Explaining dyslexia
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Genevieve Dawid on Dyslexia

 

 

As a dyslexic, writing my first, recently published book, ‘The Achiever’s Journey’ (www.theachieversjourney.com) I quickly realised that people were generally not well informed about dyslexia – what it is and how it affects people’s daily lives. Some people see it as a stigma, others believe it to be brain damage; neither of which is true.

Through my research I have identified more than 70 definitions for dyslexia. This further encouraged me to provide a straightforward explanation to help inform the general public on the subject.

Although dyslexics consistently experience difficulties in learning, reading and interpeting numbers, it is well documented that they are highly gifted in other areas. When I was involved in senior recruitment over a ten-year period, I discovered that some 40% of MD’s and CEO’s employed by companies were dyslexic; interestingly, a large number were not university graduates.

Often people are surprised to learn that many individuals live with dyslexia, manage to become highly successful in their particular field. There is also evidence of a strong link between dyslexia and entrepreneurship.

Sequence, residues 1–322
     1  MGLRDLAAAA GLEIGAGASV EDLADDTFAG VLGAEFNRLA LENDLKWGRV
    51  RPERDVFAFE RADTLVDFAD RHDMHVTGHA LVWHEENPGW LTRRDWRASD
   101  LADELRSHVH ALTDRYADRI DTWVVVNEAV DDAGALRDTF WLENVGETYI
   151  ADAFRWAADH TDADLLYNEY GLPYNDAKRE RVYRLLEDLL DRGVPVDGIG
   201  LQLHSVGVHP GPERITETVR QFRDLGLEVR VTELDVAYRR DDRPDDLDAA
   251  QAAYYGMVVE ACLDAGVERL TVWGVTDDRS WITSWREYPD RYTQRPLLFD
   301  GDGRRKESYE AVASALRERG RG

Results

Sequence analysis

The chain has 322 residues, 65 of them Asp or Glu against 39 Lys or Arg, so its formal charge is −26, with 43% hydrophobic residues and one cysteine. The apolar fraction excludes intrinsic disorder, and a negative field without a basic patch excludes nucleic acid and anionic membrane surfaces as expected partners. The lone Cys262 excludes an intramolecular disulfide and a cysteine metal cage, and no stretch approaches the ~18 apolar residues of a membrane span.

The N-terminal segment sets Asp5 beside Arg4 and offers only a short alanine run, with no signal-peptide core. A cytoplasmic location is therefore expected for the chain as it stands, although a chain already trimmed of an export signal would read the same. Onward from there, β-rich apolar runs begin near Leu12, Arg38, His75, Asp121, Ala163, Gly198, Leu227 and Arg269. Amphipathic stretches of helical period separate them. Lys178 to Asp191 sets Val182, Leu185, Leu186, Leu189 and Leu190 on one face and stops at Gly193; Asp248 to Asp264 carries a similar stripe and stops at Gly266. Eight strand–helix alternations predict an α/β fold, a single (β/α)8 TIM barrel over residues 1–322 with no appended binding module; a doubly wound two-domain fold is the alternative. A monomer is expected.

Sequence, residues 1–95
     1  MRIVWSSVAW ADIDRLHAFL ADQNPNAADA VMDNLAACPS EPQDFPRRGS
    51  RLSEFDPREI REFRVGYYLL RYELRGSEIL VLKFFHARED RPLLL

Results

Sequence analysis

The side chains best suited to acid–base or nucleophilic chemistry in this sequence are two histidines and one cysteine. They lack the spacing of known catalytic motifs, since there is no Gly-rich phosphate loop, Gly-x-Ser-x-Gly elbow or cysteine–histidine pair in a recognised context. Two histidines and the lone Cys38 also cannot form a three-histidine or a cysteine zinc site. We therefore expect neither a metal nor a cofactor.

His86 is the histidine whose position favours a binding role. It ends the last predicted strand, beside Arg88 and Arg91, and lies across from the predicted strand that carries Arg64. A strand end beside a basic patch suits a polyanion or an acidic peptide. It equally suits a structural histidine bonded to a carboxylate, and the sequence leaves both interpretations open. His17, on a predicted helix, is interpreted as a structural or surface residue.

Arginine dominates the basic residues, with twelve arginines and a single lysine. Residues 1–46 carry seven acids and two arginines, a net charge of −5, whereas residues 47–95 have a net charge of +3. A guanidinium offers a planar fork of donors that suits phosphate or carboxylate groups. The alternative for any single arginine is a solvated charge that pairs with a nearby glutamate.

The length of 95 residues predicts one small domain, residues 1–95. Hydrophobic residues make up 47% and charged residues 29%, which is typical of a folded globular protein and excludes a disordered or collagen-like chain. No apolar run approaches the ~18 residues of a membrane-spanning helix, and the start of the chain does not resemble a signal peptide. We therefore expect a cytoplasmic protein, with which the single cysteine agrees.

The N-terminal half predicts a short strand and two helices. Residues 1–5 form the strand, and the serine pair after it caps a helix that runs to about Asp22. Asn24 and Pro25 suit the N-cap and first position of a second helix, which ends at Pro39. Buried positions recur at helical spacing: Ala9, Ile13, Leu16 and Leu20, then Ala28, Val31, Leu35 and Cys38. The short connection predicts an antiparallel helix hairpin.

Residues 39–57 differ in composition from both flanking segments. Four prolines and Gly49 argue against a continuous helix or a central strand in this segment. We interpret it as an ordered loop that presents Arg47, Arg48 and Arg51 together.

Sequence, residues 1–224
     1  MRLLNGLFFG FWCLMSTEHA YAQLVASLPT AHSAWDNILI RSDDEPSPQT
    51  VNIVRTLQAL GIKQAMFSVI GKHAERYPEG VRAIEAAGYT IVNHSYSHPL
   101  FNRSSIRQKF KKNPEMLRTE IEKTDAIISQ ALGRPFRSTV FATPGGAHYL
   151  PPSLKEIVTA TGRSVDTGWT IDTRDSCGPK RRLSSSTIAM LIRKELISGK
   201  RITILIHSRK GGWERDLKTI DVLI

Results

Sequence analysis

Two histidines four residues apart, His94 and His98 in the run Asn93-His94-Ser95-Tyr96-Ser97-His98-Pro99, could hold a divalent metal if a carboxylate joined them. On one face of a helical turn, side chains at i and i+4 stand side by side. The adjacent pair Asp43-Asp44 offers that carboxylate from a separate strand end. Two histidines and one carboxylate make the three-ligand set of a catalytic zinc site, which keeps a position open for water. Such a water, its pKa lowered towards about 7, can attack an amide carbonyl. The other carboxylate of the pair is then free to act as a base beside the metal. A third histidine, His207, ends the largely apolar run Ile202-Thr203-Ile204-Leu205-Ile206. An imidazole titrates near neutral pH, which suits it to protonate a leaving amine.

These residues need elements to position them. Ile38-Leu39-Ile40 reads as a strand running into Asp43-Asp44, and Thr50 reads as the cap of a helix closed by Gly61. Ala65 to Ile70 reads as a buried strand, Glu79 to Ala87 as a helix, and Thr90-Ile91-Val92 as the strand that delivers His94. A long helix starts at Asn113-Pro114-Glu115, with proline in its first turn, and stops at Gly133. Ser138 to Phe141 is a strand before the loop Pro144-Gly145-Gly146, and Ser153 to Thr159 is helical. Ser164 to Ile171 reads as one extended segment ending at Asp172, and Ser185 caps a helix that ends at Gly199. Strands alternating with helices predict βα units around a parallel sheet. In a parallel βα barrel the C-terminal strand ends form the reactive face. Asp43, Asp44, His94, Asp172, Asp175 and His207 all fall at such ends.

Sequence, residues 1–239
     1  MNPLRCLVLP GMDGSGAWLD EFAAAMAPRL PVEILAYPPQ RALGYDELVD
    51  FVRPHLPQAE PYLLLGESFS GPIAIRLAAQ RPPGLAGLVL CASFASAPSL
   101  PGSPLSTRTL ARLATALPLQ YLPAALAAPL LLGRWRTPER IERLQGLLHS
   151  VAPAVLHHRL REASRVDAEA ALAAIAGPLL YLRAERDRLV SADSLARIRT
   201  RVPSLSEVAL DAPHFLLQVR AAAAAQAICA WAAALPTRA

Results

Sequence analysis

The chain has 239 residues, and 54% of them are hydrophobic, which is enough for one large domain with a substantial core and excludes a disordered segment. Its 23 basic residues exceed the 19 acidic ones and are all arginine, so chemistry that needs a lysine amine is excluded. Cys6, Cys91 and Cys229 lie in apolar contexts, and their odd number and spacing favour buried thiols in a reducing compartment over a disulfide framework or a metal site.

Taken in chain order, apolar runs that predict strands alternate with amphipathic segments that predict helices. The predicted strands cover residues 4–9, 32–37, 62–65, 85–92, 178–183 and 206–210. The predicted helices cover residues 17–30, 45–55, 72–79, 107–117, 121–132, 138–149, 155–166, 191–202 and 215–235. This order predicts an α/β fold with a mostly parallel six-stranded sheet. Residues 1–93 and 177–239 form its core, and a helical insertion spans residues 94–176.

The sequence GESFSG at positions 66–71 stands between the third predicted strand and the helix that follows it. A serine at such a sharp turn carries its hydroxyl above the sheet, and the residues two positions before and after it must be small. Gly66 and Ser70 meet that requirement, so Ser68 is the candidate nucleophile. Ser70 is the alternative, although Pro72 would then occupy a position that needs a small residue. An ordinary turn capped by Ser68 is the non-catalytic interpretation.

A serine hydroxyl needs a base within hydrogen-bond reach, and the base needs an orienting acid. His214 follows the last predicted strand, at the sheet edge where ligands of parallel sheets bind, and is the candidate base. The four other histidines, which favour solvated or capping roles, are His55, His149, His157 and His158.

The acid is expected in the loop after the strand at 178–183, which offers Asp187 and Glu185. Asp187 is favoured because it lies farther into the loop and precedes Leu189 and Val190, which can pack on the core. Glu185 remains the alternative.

Dyslexia is not brain damage. We don’t read books from the last page to the first. And it is not contagious! It’s estimated that around 10% of the UK population have dyslexia, in varying degrees. It is a specific learning difficulty, generally affecting the ability to read and spell. Many dyslexics also have difficulties with arithmetic, and learning and recalling numbers and related facts.

Although dyslexia is a life-long condition, its effects can be minimised by using specific methods of learning and flexible ways of working. Dyslexia is not influenced by or related to intelligence, race, sexual orientation, gender or social background. Dyslexia varies in severity and often occurs alongside other specific learning difficulties, such as dyspraxia (partial loss of ability to coordinate, and perform routine tasks such as driving, cooking, and grooming - caused by perceptual difficulties), or attention deficit disorder, ADD. As a result dyslexic individuals have differing strengths and weaknesses.

Dyslexia tends to run in families: one study suggests that 80% is hereditary. The degree to which dyslexia may cause difficulties in learning and coping with common everyday chores and situations depends on many factors. These include the severity of the dyslexia, other strengths and abilities a person may have, and the type of education and support they are given.

Dyslexia should not be a barrier to achievement and success if it is properly recognised in society, especially within education and the workplace. Steps should be taken to provide suitable teaching and training in schools and universities, and in the work place, along with compensatory strategies and resources.

 

 

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